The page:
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100-M.P.H. Winds Inflict Damage in Sierra

March 19, 1987|Associated Press

MAMMOTH LAKES, Calif. — Winds of up to 100 m.p.h. howled through the High Sierra on Wednesday, ripping roofing off homes, snapping highway signs and damaging vehicles as skiers braved a 20-below-zero wind-chill factor.

Planes flying into Mammoth-June Lakes Airport were diverted to Bishop because of the winds.

"There's a new condo complex being built, and pieces are flying around--roofing, siding and plywood," said Diane Pay, manager of the Crowley Lake General Store 10 miles east of Mammoth Lakes off U.S. 395.

The National Weather Service issued a high-wind warning for the Sierra Nevada south of Yosemite, including higher elevations of Mono County, and travelers advisories for high winds in Inyo County and Southern California's mountains and deserts.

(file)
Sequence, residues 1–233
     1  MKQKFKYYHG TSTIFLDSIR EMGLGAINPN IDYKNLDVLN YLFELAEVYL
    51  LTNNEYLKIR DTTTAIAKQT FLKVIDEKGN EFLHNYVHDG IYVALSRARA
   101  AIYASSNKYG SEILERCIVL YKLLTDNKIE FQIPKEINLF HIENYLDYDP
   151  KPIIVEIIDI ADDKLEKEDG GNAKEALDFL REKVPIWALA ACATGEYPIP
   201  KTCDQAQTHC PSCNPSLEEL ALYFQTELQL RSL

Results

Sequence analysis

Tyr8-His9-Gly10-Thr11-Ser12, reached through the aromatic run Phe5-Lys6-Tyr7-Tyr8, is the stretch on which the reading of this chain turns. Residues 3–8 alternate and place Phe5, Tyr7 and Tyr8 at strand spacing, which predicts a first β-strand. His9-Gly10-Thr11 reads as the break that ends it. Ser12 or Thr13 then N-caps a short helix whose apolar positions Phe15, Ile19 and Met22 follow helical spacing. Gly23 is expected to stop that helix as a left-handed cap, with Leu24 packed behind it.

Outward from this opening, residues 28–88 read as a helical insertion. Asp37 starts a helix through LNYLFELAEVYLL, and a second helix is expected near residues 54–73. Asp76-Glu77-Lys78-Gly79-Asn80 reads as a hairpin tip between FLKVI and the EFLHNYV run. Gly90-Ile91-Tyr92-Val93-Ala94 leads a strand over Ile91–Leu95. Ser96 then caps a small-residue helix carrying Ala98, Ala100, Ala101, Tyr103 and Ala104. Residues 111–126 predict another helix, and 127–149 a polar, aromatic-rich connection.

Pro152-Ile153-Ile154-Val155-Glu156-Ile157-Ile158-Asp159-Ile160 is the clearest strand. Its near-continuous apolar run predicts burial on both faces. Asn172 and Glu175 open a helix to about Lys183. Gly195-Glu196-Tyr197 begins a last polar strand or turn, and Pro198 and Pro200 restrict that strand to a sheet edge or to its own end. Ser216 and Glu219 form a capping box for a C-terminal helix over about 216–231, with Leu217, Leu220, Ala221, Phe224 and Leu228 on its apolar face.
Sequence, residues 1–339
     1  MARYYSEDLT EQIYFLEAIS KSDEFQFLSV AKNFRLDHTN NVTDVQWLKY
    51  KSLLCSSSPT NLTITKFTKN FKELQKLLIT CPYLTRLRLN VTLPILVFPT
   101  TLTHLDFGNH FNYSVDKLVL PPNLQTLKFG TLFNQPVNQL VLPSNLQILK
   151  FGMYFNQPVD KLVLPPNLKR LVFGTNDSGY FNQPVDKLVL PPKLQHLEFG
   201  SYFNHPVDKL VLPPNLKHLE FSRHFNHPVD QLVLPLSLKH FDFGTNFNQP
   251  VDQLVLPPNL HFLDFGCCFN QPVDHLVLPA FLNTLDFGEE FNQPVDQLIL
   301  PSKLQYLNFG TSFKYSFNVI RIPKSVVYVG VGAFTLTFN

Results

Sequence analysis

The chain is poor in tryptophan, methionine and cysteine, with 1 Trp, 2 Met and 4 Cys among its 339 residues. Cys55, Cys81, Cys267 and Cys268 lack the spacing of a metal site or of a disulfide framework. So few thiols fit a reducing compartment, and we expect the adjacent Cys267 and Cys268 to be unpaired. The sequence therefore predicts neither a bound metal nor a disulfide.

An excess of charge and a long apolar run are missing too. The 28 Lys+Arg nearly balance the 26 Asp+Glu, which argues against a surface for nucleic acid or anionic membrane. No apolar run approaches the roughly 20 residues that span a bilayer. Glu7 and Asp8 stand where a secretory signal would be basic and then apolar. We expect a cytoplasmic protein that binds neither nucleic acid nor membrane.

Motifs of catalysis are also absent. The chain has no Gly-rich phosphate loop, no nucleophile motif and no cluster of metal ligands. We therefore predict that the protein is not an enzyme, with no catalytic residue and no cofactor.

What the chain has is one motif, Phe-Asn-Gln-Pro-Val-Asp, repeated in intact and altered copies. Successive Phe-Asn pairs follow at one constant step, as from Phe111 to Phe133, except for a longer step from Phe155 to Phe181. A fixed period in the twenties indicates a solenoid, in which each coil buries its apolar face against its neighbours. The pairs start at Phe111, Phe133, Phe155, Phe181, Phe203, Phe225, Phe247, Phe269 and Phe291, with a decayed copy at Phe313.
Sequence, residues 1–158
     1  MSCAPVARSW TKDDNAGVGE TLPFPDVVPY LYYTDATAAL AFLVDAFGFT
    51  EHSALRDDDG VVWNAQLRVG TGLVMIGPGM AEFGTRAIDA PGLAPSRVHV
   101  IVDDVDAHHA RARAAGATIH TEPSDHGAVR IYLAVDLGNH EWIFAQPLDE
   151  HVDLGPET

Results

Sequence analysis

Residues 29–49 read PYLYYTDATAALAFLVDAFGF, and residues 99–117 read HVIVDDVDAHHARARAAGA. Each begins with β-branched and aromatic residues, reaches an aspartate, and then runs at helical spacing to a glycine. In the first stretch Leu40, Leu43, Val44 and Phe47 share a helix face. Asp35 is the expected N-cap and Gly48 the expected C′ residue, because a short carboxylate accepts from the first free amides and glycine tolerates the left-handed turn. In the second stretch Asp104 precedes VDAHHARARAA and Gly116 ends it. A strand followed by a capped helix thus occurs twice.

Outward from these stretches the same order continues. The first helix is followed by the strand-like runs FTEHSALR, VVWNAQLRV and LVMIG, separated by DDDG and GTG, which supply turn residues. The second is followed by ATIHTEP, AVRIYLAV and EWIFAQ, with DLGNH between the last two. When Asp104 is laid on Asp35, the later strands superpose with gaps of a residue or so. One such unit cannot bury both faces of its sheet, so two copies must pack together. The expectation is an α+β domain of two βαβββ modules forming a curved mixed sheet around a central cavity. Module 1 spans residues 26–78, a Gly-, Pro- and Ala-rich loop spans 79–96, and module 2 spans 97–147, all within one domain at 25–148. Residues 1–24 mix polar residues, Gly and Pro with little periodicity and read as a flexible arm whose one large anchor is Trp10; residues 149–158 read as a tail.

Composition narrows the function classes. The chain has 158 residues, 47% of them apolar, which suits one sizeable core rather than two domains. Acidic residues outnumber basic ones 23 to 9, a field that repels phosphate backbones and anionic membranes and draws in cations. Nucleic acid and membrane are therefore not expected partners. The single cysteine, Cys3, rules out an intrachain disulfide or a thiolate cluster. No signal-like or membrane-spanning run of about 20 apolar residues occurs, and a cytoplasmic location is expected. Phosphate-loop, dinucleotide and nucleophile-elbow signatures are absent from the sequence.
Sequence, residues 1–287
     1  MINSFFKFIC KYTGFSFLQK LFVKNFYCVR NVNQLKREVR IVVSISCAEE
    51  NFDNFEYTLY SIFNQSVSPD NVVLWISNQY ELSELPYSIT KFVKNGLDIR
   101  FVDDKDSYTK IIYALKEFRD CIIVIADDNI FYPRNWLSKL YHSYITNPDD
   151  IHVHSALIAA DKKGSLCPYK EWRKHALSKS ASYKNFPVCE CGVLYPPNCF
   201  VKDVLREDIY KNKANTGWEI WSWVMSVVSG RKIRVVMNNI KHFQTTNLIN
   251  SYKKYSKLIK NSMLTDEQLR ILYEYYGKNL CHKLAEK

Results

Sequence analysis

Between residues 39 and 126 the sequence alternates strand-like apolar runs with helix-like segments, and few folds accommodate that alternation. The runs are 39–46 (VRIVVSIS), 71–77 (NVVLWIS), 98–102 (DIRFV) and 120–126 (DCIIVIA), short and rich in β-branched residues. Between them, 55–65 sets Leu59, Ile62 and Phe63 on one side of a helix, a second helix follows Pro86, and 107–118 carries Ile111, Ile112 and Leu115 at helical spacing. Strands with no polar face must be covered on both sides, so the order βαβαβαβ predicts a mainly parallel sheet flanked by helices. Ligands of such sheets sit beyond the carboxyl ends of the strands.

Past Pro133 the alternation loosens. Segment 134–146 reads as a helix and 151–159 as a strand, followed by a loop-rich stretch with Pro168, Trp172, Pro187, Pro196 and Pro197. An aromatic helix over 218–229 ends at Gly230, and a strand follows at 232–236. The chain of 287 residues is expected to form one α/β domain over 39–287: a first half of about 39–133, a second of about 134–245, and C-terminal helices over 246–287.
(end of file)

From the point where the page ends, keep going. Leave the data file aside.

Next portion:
The agency said the winds were caused by a storm from the Gulf of Alaska that was moving rapidly southeast through Northern California and into Southern California, coupled with a strong low-pressure area developing in Nevada.

The rapidly moving storm system could bring showers to the Los Angeles area this morning with winds gusting to 25 m.p.h., forecasters said. The snow level in local mountain areas will be above 4,000 feet. Skies should become partly cloudy by tonight with the next chance of rain coming Saturday, forecasters said.

The weather service said gusts hit 100 m.p.h. near the Mammoth-June Lakes Airport and several miles south near Rovana.

"The wind right now is 83 m.p.h.," Pay said Wednesday afternoon. "A few big highway signs snapped off. I know of one tree on a car. A lot of houses are losing roofing, just pieces. When I drove to work, one of my car windows was broken by the wind."

Several reports have been received of wind-carried small rocks breaking windows, and of air conditioners and other large items being carried off near Rovana, about eight miles northwest of Bishop, the weather service reported.

To the north, at the Mammoth Lakes Ski Resort on Mammoth Mountain, winds ranging up to 60 m.p.h. forced closure of the upper ski slopes, although several ski lifts were operating at lower elevations, spokeswoman Mary Shoshone said.

A weather service advisory urged skiers to "take shelter. The high winds have lowered wind-chill indices to 10 to 20 below zero."

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